The reported shutter speed information refers to the use of the mechanical shutter. Yet, some cameras only have an electronic shutter, while others have an electronic shutter in addition to a mechanical one. In fact, the G80 is one of those camera that have an additional electronic shutter, which makes completely silent shooting possible. However, this mode is less suitable for photographing moving objects (risk of rolling shutter) or shooting under artificial light sources (risk of flickering).
The Panasonic G80 has an intervalometer built-in. This enables the photographer to capture time lapse sequences, such as flower blooming, a sunset or moon rise, without purchasing an external camera trigger and related software.
The G80 writes its imaging data to SDXC cards, while the RX1 uses SDXC or Memory Stick PRO Duo cards. The G80 supports UHS-II cards (Ultra High Speed data transfer of up to 312 MB/s), while the RX1 cannot take advantage of Ultra High Speed SD cards.
Connectivity comparison: Panasonic G80 vs Sony RX1
For some imaging applications, the extent to which a camera can communicate with its environment can be an important aspect in the camera decision process. The table below provides an overview of the connectivity of the Panasonic Lumix DMC-G80 and Sony Cyber-shot DSC-RX1 and, in particular, the interfaces the cameras (and selected comparators) provide for accessory control and data transfer.
|Panasonic G80»||Y||stereo||mono||Y||-||micro||2.0||Y||-||-||Panasonic G80|
|Sony RX1«||Y||stereo||mono||Y||-||mini||2.0||-||-||-||Sony RX1|
|Nikon D5300« »||Y||stereo||mono||Y||-||mini||2.0||Y||-||-||Nikon D5300|
|Olympus E-M1 II« »||Y||stereo||mono||Y||Y||micro||3.0||Y||-||-||Olympus E-M1 II|
|Olympus E-M5 II« »||Y||stereo||mono||Y||-||micro||2.0||Y||-||-||Olympus E-M5 II|
|Olympus E-M10 II« »||Y||stereo||mono||-||-||micro||2.0||Y||-||-||Olympus E-M10 II|
|Olympus E-M1« »||Y||stereo||mono||Y||-||micro||2.0||Y||-||-||Olympus E-M1|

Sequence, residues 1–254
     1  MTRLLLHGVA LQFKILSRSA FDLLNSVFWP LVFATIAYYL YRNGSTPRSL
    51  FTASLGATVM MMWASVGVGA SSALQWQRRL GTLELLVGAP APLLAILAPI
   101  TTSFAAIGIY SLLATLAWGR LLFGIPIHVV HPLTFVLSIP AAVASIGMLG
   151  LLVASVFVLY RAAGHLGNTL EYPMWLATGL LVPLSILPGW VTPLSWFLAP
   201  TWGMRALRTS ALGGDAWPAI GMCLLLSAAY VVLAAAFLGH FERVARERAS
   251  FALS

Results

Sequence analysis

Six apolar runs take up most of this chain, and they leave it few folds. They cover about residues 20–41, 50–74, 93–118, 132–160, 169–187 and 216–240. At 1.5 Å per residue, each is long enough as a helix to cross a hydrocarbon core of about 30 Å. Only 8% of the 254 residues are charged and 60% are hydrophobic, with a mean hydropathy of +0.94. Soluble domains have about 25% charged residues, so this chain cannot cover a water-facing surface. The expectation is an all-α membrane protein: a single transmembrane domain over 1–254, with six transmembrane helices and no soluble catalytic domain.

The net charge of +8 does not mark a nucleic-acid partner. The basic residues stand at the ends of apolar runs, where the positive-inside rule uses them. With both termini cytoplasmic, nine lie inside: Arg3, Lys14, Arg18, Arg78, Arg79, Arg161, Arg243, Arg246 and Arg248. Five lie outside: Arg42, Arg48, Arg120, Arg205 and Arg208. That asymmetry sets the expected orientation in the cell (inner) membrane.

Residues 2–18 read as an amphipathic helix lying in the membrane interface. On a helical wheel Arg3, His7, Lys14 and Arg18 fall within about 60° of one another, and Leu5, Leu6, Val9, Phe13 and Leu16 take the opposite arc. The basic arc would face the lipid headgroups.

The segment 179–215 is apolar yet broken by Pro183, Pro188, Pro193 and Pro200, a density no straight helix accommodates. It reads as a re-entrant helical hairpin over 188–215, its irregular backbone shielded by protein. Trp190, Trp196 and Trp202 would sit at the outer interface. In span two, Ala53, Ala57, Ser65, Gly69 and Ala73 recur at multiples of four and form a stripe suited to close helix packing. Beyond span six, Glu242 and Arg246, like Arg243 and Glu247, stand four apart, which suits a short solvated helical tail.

|Olympus E-P5« »||Y||stereo||mono||-||-||micro||2.0||Y||-||-||Olympus E-P5|
|Panasonic G90« »||Y||stereo||mono||Y||Y||micro||2.0||Y||-||Y||Panasonic G90|
|Panasonic GH5« »||Y||stereo||mono||Y||Y||full||3.1||Y||-||Y||Panasonic GH5|
|Panasonic GX80« »||Y||stereo||mono||-||-||micro||2.0||Y||-||-||Panasonic GX80|
|Panasonic G7« »||Y||stereo||mono||Y||-||micro||2.0||Y||-||-||Panasonic G7|
|Panasonic GX8« »||Y||stereo||mono||Y||-||micro||2.0||Y||Y||-||Panasonic GX8|
|Sony RX1R II« »||Y||stereo||mono||Y||-||micro||2.0||Y||Y||-||Sony RX1R II|
|Sony A3000« »||Y||stereo||mono||-||-||mini||2.0||-||-||-||Sony A3000|
|Sony RX1R« »||Y||stereo||mono||Y||-||mini||2.0||-||-||-||Sony RX1R|
|Sony NEX-7« »||Y||stereo||mono||Y||-||mini||2.0||-||-||-||Sony NEX-7|
It is notable that the G80 offers wifi support, while the RX1 does not. Wifi can be a very convenient means to transfer image data to an off-camera location.
Both the G80 and the RX1 have been discontinued, but can regularly be found used on eBay. The RX1 was replaced by the Sony RX1R, while the G80 was followed by the Panasonic G90. Further information on the two cameras (e.g. user guides, manuals), as well as related accessories, can be found on the official Panasonic and Sony websites.
Review summary: Panasonic G80 vs Sony RX1
So what conclusions can be drawn? Which of the two cameras – the Panasonic G80 or the Sony RX1 – has the upper hand? Is one clearly better than the other? A synthesis of the relative strong points of each of the models is listed below.
Advantages of the Panasonic Lumix DMC-G80:
- Maximized detail: Lacks an anti-alias filter to exploit the sensor's full resolution potential.
- Better video: Provides higher definition movie capture (4K/30p vs 1080/60p).
- Easier framing: Has an electronic viewfinder for image framing and settings control.
- More flexible LCD: Has swivel screen for odd-angle shots in portrait or landscape orientation.
- Fewer buttons to press: Is equipped with a touch-sensitive rear screen to facilitate handling.
- More selfie-friendly: Has an articulated screen that can be turned to be front-facing.
- Faster burst: Shoots at higher frequency (9 vs 5 flaps/sec) to capture the decisive moment.
- Less disturbing: Has an electronic shutter option for completely silent shooting.
- Easier time-lapse photography: Has an intervalometer built-in for low frequency shooting.